The belief that mathematics, because it is abstract, because it is static and cold and gray, is detached from life, is a mistaken belief. Mathematics, even in its purest and most abstract estate, is not detached from life. It is just the ideal handling of the problems of life, as sculpture may idealize a human figure or as poetry or painting may idealize a figure or a scene. Mathematics is precisely the ideal handling of the problems of life, and the central ideas of the science, the great concepts about which its stately doctrines have been built up, are precisely the chief ideas with which life must always deal and which, as it tumbles and rolls about them through time and space, give it its interests and problems, and its order and rationality. That such is the case a few indications will suffice to show. The mathematical concepts of constant and variable are represented familiarly in life by the notions of fixedness and change. The concept of equation or that of an equational system, imposing restriction upon variability, is matched in life by the concept of natural and spiritual law, giving order to what were else chaotic change and providing partial freedom in lieu of none at all. What is known in mathematics under the name of limit is everywhere present in life in the guise of some ideal, some excellence high-dwelling among the rocks, an “ever flying perfect” as Emerson calls it, unto which we may approximate nearer and nearer, but which we can never quite attain, save in aspiration. The supreme concept of functionality finds its correlate in life in the all-pervasive sense of interdependence and mutual determination among the elements of the world. What is known in mathematics as transformation—that is, lawful transfer of attention, serving to match in orderly fashion the things of one system with those of another—is conceived in life as a process of transmutation by which, in the flux of the world, the content of the present has come out of the past and in its turn, in ceasing to be, gives birth to its successor, as the boy is father to the man and as things, in general, become what they are not. The mathematical concept of invariance and that of infinitude, especially the imposing doctrines that explain their meanings and bear their names—What are they but mathematicizations of that which has ever been the chief of life’s hopes and dreams, of that which has ever been the object of its deepest passion and of its dominant enterprise, I mean the finding of the worth that abides, the finding of permanence in the midst of change, and the discovery of a presence, in what has seemed to be a finite world, of being that is infinite? It is needless further to multiply examples of a correlation that is so abounding and complete as indeed to suggest a doubt whether it be juster to view mathematics as the abstract idealization of life than to regard life as the concrete realization of mathematics.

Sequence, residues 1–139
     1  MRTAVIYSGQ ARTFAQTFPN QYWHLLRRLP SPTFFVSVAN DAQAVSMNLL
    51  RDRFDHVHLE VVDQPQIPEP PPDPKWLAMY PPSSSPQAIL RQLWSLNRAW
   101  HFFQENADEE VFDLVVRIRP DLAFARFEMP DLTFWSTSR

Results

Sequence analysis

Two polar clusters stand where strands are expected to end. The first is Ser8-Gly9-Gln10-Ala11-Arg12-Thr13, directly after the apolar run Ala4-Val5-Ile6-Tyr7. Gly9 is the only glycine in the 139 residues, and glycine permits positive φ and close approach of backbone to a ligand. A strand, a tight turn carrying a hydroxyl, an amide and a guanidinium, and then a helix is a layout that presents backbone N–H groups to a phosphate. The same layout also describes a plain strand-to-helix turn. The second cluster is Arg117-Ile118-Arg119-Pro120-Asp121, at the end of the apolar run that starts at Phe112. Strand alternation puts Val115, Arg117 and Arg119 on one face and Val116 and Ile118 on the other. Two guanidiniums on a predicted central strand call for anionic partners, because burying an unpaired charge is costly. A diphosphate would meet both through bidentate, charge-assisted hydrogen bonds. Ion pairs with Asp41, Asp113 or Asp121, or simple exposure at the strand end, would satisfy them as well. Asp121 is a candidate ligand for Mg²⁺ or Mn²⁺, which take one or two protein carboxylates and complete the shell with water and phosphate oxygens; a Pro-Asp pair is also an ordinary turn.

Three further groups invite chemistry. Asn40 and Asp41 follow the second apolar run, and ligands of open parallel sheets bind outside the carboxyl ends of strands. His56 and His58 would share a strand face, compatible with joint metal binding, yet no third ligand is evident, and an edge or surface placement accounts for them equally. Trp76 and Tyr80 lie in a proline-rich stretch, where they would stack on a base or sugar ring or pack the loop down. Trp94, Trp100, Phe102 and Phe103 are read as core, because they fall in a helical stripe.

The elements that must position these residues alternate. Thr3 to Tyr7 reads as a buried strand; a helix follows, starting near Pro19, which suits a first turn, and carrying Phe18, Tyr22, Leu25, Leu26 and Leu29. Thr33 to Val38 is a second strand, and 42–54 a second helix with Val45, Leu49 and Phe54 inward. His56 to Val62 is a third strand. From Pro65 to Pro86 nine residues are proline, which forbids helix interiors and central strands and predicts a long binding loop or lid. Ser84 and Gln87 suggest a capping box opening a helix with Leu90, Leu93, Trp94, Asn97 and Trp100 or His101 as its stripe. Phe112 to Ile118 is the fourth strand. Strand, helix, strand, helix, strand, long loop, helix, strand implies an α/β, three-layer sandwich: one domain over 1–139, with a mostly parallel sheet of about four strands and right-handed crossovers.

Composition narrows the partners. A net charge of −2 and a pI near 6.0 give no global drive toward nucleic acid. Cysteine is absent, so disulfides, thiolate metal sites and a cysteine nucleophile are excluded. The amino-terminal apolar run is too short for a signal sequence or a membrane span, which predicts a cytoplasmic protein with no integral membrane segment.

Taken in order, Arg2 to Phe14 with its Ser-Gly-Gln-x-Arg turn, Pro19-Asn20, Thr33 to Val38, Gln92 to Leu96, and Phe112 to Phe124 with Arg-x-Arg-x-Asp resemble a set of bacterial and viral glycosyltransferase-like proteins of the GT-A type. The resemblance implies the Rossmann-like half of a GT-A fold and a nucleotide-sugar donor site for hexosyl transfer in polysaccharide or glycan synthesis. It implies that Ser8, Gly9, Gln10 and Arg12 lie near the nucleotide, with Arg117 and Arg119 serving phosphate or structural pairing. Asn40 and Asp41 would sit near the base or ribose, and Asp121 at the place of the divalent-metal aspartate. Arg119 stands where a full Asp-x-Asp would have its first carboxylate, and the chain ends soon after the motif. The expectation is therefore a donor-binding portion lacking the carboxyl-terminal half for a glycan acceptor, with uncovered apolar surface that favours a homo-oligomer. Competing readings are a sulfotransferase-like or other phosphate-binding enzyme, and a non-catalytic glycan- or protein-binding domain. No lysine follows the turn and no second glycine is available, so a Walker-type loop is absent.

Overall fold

In 'The Humanization of Teaching of Mathematics', Science, New Series, 35, 645-46.